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  NASS Surveys: The Foundation of Estimates

Probability Surveys

Most of the estimates are based on data collected from a sample of a given population. The samples are designed so that the chance, or probability, of including a particular operation in the sample is known before the survey is carried out. The sample data can be used to measure how much the survey estimates could differ from the population values. This measure of variability, due to selecting a sample rather than conducting a census is called the sampling error.

The data from a probability-based sample can then be used to make precise inferences about the population. This survey technique has distinct advantages over a census; it takes less time, costs less, and can actually be more accurate because fewer errors are made in reporting and handling the smaller quantities of data. Also, the results of the survey stand alone; they do not depend on relationships to other sets of data, such as the Census of Agriculture.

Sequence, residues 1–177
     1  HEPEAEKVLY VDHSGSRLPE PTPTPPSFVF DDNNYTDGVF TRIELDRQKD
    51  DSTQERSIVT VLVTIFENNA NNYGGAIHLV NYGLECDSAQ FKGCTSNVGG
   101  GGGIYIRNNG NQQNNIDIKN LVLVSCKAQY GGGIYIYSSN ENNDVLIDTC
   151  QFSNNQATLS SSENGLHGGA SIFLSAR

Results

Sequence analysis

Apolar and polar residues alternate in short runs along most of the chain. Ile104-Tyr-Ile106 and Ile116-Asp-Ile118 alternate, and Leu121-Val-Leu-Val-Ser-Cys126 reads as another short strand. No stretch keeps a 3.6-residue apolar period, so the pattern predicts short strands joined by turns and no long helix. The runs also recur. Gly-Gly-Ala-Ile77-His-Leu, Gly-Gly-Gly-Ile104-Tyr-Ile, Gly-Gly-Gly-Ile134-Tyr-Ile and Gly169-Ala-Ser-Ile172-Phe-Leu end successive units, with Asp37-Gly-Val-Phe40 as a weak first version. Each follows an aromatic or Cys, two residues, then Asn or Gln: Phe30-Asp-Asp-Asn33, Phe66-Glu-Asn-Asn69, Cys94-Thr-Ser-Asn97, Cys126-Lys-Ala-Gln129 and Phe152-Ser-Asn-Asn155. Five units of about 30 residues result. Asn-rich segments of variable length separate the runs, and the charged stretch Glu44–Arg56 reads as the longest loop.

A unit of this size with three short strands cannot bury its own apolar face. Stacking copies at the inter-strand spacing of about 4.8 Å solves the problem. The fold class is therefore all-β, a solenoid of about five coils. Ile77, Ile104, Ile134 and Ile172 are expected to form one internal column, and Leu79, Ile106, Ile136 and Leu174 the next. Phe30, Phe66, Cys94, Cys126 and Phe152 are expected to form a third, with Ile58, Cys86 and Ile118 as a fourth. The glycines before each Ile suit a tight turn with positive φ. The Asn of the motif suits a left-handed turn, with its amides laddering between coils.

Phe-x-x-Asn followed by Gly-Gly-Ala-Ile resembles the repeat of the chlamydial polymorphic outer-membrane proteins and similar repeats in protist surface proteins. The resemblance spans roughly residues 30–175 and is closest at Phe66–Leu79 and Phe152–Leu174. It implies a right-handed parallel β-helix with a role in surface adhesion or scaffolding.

NASS employs two basic techniques to sample farmers, ranchers, and agribusinesses; area frame sampling and list frame sampling.

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Last modified: 06/17/09

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